Brooklyn heavyweight Pryce Taylor seems to have a name more appropriate for a banker, lawyer, or business executive than a prize fighter. His name, however, is one to track because Taylor is a decorated American amateur boxer making his professional debut December 1st at Melrose Ballroom in Queens, New York.
The 6’ 4”, 240-pound Taylor is scheduled to face Mike Diorio (1-6-1, 0 KOs), of Cortland (NY), in a four-round bout on a card presented by Prime Time Promotions. If all goes as planned, Taylor’s manager, Keith Sullivan, has him scheduled to get right back in the ring on Dec. 16th at Sony Hall in Times Square.
“I can’t wait until I fight,” Taylor said. “It’s perfect. I’m blessed to be fighting at home to bring out my family, friends, and fans. It feels good. I’m looking forward to fighting without head gear and using smaller gloves.”
Taylor isn’t a typical pro-debuting boxer. He started boxing relatively late in life and is already 27 years old and clearly needs to be on the fast track, something he’s more than open to in order to kick start his pro career.
“As a pro,” Pryce noted, “I’d like to fight like they did back in the day. I’d fight every week if I could. I’d do it!”
“Pyrce and I had a conversation about what it would take for him to achieve his dreams and goals,” Sullivan commented. “He is committed to the plan we came up with and I am excited to be helping him. There is something special about him both in and out of the ring. His future in boxing is limitless with his skillset and size.”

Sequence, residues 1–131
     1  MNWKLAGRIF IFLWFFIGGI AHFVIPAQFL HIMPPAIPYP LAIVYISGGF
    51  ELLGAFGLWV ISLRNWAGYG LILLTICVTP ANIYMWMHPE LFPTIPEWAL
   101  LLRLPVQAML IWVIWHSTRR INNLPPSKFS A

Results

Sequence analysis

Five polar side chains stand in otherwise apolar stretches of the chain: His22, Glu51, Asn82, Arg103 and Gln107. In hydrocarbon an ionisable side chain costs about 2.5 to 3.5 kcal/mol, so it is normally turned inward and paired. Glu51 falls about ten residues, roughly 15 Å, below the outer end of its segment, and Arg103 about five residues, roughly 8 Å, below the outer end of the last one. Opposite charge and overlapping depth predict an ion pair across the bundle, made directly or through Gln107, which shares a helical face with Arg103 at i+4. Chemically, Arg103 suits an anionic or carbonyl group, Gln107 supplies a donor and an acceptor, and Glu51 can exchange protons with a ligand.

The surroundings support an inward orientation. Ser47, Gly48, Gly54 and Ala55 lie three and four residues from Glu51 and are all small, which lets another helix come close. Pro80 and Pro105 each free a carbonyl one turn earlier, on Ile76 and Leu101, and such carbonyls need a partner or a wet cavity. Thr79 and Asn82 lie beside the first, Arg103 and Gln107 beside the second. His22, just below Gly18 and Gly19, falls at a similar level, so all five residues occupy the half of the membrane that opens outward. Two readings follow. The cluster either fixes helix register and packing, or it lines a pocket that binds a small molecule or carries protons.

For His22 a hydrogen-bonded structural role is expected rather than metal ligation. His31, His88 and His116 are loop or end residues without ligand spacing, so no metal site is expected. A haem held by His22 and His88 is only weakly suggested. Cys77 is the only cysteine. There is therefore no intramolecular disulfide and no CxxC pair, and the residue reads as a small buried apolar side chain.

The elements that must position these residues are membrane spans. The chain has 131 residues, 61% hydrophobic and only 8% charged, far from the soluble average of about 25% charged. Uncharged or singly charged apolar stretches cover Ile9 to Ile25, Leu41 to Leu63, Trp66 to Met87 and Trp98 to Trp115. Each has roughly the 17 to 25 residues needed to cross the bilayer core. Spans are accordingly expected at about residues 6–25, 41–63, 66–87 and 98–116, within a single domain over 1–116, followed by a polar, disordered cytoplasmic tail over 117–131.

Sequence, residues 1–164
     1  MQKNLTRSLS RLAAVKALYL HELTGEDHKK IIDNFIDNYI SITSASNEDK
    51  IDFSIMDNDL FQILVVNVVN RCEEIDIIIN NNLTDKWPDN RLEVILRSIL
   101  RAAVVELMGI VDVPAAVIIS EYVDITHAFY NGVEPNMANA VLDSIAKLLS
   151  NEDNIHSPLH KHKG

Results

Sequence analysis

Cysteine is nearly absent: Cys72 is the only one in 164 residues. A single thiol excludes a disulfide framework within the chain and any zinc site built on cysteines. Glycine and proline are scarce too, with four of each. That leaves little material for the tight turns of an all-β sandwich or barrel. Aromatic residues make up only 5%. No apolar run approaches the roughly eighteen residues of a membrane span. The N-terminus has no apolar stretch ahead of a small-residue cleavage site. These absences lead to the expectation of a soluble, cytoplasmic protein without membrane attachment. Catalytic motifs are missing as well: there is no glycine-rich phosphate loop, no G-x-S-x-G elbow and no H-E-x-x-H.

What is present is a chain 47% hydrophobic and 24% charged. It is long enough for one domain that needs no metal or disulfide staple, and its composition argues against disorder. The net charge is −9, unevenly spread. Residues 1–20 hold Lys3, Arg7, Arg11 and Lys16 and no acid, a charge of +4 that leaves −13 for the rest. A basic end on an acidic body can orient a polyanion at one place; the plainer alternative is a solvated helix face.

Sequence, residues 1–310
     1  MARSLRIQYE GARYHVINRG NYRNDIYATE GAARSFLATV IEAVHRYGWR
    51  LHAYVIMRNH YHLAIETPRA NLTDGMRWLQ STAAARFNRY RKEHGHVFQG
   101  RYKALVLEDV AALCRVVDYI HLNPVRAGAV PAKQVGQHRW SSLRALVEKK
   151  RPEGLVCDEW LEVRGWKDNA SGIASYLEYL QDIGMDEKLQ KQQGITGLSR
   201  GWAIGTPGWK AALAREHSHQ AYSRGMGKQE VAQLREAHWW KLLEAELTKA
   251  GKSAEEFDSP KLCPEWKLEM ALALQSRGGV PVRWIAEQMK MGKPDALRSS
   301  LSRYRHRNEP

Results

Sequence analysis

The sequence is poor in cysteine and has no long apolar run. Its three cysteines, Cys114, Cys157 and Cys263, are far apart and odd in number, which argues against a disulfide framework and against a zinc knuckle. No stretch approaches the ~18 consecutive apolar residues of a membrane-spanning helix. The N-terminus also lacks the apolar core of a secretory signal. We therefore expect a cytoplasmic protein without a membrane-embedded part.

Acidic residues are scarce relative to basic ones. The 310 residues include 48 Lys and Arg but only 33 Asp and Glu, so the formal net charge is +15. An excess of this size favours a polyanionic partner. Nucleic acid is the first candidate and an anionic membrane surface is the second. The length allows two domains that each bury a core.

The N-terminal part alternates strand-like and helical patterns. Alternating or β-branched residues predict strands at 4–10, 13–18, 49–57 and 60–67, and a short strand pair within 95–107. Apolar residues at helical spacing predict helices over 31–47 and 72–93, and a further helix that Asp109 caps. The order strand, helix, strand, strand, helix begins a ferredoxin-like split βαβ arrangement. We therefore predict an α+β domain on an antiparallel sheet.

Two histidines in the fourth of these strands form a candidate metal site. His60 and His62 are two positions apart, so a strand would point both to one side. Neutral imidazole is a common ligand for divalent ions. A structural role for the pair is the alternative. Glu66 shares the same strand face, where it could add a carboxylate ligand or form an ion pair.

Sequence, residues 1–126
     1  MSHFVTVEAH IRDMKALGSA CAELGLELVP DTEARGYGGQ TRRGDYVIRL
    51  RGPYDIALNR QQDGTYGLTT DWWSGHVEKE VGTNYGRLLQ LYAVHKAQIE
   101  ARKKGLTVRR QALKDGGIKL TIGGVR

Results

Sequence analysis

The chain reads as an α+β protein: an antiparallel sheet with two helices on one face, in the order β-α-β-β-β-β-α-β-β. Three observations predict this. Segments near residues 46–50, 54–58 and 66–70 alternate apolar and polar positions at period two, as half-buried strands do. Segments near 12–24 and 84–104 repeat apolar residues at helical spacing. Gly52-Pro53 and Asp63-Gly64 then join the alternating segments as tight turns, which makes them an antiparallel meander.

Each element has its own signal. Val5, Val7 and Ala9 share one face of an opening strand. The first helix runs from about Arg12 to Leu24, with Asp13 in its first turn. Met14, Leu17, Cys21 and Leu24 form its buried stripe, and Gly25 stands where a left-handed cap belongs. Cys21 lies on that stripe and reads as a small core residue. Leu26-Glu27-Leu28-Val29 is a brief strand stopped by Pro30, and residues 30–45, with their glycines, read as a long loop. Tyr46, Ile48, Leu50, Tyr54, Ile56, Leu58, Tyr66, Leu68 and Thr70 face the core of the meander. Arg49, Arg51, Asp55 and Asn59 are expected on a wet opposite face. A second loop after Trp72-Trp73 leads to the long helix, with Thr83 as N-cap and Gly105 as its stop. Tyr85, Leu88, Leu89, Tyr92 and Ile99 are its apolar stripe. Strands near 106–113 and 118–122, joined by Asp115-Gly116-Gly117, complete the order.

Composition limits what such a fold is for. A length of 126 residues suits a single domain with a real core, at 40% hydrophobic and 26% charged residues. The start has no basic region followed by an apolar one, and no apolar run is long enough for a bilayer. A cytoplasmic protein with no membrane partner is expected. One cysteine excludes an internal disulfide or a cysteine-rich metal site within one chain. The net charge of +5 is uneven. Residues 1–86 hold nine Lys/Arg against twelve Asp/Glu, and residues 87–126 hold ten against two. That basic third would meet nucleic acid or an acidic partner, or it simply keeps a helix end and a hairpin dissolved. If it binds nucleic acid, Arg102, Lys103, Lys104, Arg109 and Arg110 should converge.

Taylor is also a germaphobe, which is rare for a pro boxer.
“I don’t like blood, so I know how not to get headbutted,” he explained. “If there’s a lot of blood coming off my opponent, I’m going to finish him quickly.”
A celebrated amateur boxer, the Manny Roman-trained Taylor decided to turn pro after failing to qualify to compete in the Olympic Qualifiers. He was a two-time New York Golden Gloves Champion, but a bridesmaid in four USA National Championships, finishing second to an elite quartet including Joshua Edwards, who just qualified to represent as a super heavyweight for Team USA in the 2024 Olympics in Paris.
“I still have Olympic dreams and pros can fight in the Olympics,” Taylor remarked. “I turned pro now because I didn’t want to wait four more years, but my sister lives in Senegal and I thought about getting a dual passport and joining the Senegalese Olympic Boxing Team.
“But I want to have as many fights as a pro that I can, become the undisputed heavyweight champion of the world, and defend my title until somebody retires me.”
Taylor is a self-described adaptable fighter who can box or brawl, fight inside or be tricky, and even awkward at times.
“I do whatever needs to be done to beat-up my opponent,” he concluded. “That’s always the goal.”